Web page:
I beg to move amendment No. 27, in page 27, line 13, at beginning insert
'Following consultation with local authorities and other interested parties'.
The purpose of the amendment is to seek confirmation from the Minister as to whether there will be full consultation with the local authorities concerned and with other interested parties.
That is extremely helpful. In the spirit of helpfulness, could the Minister further define who the other interested parties will be? Will they include bodies such as Network Rail, Metronet, Transport for London and Tubelines, which also have to apply the graffiti-removing powers?
Our reason for tabling the amendment parallels our reason for tabling an earlier amendment, which was suggested by, among others, Network Rail. It was generally felt that provision for consultation was written into the Anti-social Behaviour Act 2003 and that there would be scope to provide sufficient time for the removal of graffiti. As with litter, the sums involved in removing graffiti are very large, and the Minister will be aware of the work that is carried out in that regard.
I simply seek confirmation, therefore, that those additional bodies, and not just local authorities, will be consulted. Many of us lose sight of the fact that it is not only local authorities that are responsible for removing litter and graffiti. Evidence to the Transport Select Committee highlighted the millions of pounds that it costs Transport for London every year to remove graffiti from its trains and stations, and we had similar evidence from Network Rail, Metronet and Tubelines. It is incumbent on the Minister to confirm whether consultation will extend to those bodies, because the policy on graffiti removal affects them equally and has huge cost implications for them.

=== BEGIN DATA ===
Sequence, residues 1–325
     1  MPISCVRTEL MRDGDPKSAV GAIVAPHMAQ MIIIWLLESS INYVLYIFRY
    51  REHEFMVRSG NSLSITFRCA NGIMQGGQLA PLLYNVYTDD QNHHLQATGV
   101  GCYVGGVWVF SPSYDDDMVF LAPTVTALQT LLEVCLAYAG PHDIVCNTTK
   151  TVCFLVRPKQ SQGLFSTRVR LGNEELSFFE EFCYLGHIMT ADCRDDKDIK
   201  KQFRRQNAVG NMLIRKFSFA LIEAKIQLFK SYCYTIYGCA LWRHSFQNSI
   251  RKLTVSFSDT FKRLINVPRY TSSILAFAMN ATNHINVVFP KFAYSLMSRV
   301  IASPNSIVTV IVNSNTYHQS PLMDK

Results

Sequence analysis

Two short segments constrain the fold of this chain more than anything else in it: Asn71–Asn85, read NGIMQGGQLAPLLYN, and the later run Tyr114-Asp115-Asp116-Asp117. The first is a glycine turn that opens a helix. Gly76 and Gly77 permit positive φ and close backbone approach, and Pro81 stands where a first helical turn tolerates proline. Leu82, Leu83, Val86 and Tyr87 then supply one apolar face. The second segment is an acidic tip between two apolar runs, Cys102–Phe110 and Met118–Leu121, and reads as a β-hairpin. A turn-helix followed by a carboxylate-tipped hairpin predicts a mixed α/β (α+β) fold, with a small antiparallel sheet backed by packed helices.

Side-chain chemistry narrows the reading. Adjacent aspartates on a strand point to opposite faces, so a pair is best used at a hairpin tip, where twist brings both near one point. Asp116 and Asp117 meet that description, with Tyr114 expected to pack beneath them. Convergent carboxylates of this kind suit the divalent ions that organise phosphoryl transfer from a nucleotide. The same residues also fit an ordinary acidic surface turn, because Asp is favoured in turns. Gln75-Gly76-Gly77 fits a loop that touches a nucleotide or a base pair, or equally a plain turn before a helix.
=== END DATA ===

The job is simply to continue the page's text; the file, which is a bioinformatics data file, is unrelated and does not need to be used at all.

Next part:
The other interested parties might well vary from place to place. For instance, the rail organisations to which the hon. Lady referred might not be appropriate interested parties in a town or village that did not have a railway service. I say that not to trivialise the issue, but to explain why we do not want to go into detail. We want common sense to apply in a public consultation. That relates specifically to consultation with local authorities, because they are the key organisations.
The clause is important because local authorities will be given the power to set the level of fixed penalties for graffiti and fly-posting. That will enable them to set the level in response to local circumstances, and that fits in with our agenda of giving local authorities freedoms and flexibilities. The same is true of their power to accept reduced amounts for early payment, which ensures that payments are made promptly, thus reducing the number of cases requiring resolution in court.
I assure the hon. Lady that the amendment is unnecessary because we shall ensure that there is full consultation on all secondary legislation resulting from the Bill. I am tempted to point out that the amendment covers only one regulation-making power in the Bill and that it is not clear why that one has been singled out, but that might provoke the hon. Lady to table another lot of amendments, so I shall take it that this is a representative amendment. With that explanation, I hope that she will withdraw the amendment.
I want to raise the vexatious issue of persistent fly-posting and to tease out from the Minister whether he believes that the clause and the £75 default penalty that it sets will actually deal with that issue. Often, such penalties are set far too low, and the cost to the offender is far too cheap. In some cases, the penalties for those convicted of fly-posting are so low that it is significantly cheaper for companies to fly-post and pay fines than to pay for legitimate advertising space.